** Kinds of analysis **

* with respect to the "semantic analysis", it could be rather called "topic modeling" once it is "reduced" to topic "discovery". In that sense, the authors should rephrase "Discovery of concepts, notions and research lines". Are the "notions" addressed here? It should also be clear since the beginning of the paper that the "thematic" analysis is based on journal papers only on the recent six years.

** Data sources and methodology **

* the authors use the terms "ontology matching", "ontology alignment" and "ontology mapping" as interchangeable terms. In fact, in the context of this study (using those as keywords for retrieving research items) it is reasonable. However, as in Shvaiko and Euzenat books, these terms have different definitions. This could be rather clarified in the paper.

* specific parts of the methodology could be described with more details: from the 3,289 retrieved documents, 2,975 were labeled as relevant. This was a manual annotation? How many annotators? Which are the annotation criteria? More importantly, the steps listed in Table 1 are not clear: there is no intersection in the sets returned in each step? (examining the title, examining the abstract, etc.). Only 61 papers seems to result of the annotation when "inspecting the whole paper"? Additional (and important) is also missing: venue of publication of the papers per type.

* the choice of Scopus (instead of Web of Science) is briefly introduced. However, other sources of data such as Google Scholar, could be used. Furthermore, Scopus should be described in terms of volume of data, etc. Statistics on the number of WoS documents not indexed by Scopus?

** General Data Protection Regulation **

* one very important aspect in this paper is about the publication of statistics on researchers and their production. It provides an analysis of the "impact of authors" and "their influence on the ontology alignment". Publishing the statistics on that (public) data involves following the General Data Protection Regulation rules.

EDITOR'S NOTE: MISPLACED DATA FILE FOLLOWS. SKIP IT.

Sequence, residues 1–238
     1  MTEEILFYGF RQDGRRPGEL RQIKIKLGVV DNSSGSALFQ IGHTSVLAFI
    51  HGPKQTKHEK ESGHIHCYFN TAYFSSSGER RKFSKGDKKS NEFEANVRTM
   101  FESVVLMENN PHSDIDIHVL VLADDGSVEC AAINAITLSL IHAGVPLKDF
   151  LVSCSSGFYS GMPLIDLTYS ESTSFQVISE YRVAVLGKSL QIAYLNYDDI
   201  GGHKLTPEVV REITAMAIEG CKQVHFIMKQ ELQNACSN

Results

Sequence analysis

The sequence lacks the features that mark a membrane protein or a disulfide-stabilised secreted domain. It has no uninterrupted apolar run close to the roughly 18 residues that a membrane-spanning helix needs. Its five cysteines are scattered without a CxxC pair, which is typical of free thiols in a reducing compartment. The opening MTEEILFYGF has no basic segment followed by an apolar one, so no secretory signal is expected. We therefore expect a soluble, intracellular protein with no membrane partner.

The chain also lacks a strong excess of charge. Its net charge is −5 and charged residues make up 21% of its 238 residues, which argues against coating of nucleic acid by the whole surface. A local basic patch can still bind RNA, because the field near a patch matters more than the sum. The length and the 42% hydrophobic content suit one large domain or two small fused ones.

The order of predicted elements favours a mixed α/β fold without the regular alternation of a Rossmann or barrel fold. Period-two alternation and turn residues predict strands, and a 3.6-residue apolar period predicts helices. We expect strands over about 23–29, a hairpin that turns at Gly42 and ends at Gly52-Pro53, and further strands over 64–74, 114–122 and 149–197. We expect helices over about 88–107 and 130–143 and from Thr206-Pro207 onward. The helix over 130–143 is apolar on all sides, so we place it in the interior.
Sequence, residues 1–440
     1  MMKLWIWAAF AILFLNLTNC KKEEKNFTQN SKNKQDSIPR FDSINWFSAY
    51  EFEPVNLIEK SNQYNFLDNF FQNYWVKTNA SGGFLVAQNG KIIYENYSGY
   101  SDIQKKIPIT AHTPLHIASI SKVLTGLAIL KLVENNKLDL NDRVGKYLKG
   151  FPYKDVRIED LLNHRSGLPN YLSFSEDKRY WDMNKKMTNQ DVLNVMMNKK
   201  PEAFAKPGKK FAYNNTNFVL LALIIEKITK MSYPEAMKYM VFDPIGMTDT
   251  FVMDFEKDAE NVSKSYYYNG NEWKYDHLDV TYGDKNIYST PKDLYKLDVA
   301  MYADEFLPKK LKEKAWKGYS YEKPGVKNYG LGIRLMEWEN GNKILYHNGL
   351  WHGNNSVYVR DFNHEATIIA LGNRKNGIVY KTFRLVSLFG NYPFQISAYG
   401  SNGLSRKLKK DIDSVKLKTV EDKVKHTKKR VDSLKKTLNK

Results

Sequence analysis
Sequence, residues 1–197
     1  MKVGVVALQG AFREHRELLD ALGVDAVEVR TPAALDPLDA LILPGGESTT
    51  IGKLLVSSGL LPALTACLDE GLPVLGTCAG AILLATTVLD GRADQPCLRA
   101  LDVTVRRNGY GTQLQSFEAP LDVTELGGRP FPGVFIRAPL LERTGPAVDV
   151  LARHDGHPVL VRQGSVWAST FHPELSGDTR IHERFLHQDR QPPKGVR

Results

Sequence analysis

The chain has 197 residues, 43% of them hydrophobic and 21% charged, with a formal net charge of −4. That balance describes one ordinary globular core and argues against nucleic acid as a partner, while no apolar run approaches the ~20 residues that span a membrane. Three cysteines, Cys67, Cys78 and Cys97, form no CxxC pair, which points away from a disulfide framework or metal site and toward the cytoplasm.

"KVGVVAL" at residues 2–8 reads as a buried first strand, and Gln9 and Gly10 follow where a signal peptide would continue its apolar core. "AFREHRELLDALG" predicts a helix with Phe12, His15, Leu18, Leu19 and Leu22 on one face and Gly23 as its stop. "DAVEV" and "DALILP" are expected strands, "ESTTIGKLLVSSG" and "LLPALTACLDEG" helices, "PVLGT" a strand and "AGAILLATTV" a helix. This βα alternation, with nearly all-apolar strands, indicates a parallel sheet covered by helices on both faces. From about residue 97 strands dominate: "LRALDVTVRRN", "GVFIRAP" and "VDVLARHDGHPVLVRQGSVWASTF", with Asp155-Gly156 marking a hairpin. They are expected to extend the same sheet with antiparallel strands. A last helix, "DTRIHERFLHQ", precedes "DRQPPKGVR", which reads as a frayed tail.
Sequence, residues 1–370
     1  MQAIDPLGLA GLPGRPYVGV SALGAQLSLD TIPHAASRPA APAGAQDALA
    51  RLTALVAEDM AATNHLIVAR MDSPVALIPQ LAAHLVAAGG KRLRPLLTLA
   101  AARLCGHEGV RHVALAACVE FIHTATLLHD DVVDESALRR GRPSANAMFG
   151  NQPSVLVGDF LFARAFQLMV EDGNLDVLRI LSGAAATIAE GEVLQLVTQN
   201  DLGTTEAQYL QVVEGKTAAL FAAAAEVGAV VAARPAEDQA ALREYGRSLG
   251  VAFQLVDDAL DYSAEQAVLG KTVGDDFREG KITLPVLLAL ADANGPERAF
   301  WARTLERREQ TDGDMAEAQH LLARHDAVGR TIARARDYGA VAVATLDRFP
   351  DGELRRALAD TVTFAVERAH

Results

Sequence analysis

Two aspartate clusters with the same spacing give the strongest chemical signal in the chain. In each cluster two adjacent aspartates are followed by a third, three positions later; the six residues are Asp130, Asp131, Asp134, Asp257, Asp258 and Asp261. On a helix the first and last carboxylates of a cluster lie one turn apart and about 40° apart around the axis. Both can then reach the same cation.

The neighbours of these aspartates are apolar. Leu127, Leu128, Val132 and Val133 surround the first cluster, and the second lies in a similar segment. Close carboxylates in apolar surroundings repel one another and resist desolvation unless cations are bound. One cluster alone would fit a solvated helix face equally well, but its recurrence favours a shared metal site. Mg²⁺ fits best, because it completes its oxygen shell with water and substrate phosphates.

** Reproducability **

* it could be interesting to have some lines about the reproducability of the study.

** Conclusions **

* the "discussions" and "conclusions" parts are a little repetitive and some passages could be reduced in order to leave room for more "specific" conclusions. Furthermore, some passages of the conclusions should be revised and rephrased. Splitting the ontology matching community in "OAEI organisers" and "China researches" should be avoided. "OAEI organizers and participants have higher average citations than other researchers." This "phenomenon" could be explained by the fact that almost all papers on ontology matching perform an evaluation, which is many cases based on OAEI datasets (hence citation to OAEI papers). Other insights on that? The authors also state that "there are several topics that are totally neglected by researchers and the OAEI organizers in particular... modeling knowledge graphs". The authors neglected the existence of many OAEI tracks, including "knowledge graphs".

* while the conclusions provide quite general statements, there is a progress in the field since 2018, in particular with the new OAEI tracks covering complex alignments and other domains than biomedical ontologies. This should be mentioned instead.

Minor comments, to cite a few:

- "This paper delineates this vital field" => "This paper delineates this field"
- "It soon found"